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Essay: 'To the Wastelands'

Written by Geraldine McCarthy

There is an old Irish saying, ‘Ní insíonn galar fada bréag’ – a long illness doesn’t lie. That is to say, a prolonged illness will result in death.  Normally, these maxims carry great wisdom. But then, there are exceptions to the rule, situations for which the seanfhocal doesn’t hold true.  In some cases, there comes a time when your illness transitions from acute to chronic. This occurs, perhaps, after a number of months, or, if you’re in a web of denial, after a number of years. It is then you realise that your condition isn’t going to kill you; but neither are doctors, or alternative practitioners going to cure you. You’ve tried everything. Medical consultants. Acupuncture. Reflexology. Mind-body work - both meditation and chair yoga. Different types of diets. Bucket-loads of supplements. You even drank a charcoal concoction, which blackened your tongue and teeth.

          Having failed to be cured, or indeed, to cure yourself, there is now no place for you in civilised society. There is no room for your story in polite discourse. Fatigue is a taboo subject, and energy is like money – if you’re short of it, people don’t like you mentioning it.  

          Thus, you are condemned to the wastelands, a territory where people appear healthy, but feel unwell.  It is a cold, inhospitable place, where you are treated with mistrust, as if you are an unreliable witness to what’s going on in your own body.  You feel your energy supply diminishing – your mind becomes jelly and your muscles lead. You know you must lie down. Stay in bed for as long as it takes. Hours, days, or even weeks.  Yet, you will get unsolicited advice to exercise and push through from someone across the border in the world of the well. You cite evidence that this approach has proved harmful, but this isn’t what they want to hear. 

          Isolation is a way of life in the wastelands. You are too exhausted to go anywhere, to do anything, to meet anyone. The possibility of holding down a job is consigned to history. Travel is a privilege which others enjoy. You are snowed in, twelve months of the year, trapped in your house, trapped in your body. The seasons don’t change, the weather doesn’t change, conditions remain adverse. You live in a frozen landscape, with no signposts, and there is no one out there clearing away snow for your escape route. 

          Your neighbours in the wastelands are supportive, but live great distances away. You confide in them of crushing fatigue, sleep disturbances, muscle pain, muscle weakness, brain fog, poor concentration. You swap notes on occasions missed, plans stymied, dreams scuppered and life put on hold. You air your frustrations, your disappointments, your fury. These people are your life-line. But they too are just clinging on.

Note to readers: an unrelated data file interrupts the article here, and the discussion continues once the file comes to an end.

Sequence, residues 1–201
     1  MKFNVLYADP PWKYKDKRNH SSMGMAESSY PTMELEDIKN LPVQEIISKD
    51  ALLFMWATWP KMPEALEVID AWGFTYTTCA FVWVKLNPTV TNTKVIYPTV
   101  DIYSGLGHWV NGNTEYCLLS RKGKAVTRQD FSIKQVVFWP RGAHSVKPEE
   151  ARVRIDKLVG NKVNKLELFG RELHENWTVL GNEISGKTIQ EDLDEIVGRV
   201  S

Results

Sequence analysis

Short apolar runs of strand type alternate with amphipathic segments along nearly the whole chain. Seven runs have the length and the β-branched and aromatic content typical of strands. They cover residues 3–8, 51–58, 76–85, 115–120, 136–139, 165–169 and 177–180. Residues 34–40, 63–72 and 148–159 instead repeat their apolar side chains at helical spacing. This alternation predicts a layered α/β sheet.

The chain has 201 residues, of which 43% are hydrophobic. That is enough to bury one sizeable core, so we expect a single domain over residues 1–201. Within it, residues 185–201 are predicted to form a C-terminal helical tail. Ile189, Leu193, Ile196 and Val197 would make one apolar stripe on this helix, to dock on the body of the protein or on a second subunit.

Due to lack of funding, infrastructure is poor in the wastelands. Like a promised railway track, the research upon which your cure will be built has not yet been laid down.  The WHO has classified your illness - Myalgic Encephalomyelitis - as neurological and multi-system, yet there is little urgency in discovering bio-markers, or in determining the root cause. And so, there is no official treatment pathway, and you are left on your own to manage as best you can. 

          There are marauding bears in the wastelands, but you won’t recognise them at first because they are disguised as doctors. They will add to whatever physical suffering you are enduring by denying that it is real.  The very people you thought would help you choose to blame you instead, as if the gaping lacunae in the scientific evidence can be papered over by their psycho-social theories of illness.

          After twelve long years in the wastelands, you think your train has come in. You find sympathetic doctors who believe you, and who are willing to help manage your symptoms. You take the prescribed medication, and your energy levels improve, but after a number of months, the side effects become intolerable, and the treatment has to be suspended. You begin to wonder then about a potential cure, to question whether it will ever come down the track.

          When you are sent to the wastelands, you think it will be a temporary stay, but in reality, there is little prospect of return. In the meantime, you must find your voice and tell your story. 

          No hero’s journey is ever written about the person who just stayed home.                     

          Maybe it’s time for that to change  (Nina @VerloreneZeit  Jul 11)

About the Author

Geraldine McCarthy lives in West Cork. She writes flash fiction, short stories and poetry in English and in Irish. Her work has been published in various journals – Comhar, Splonk, Ó Bhéal, Channel Magazine, Poetry Ireland Review, The Waxed Lemon and HOWL. @GearoidinC

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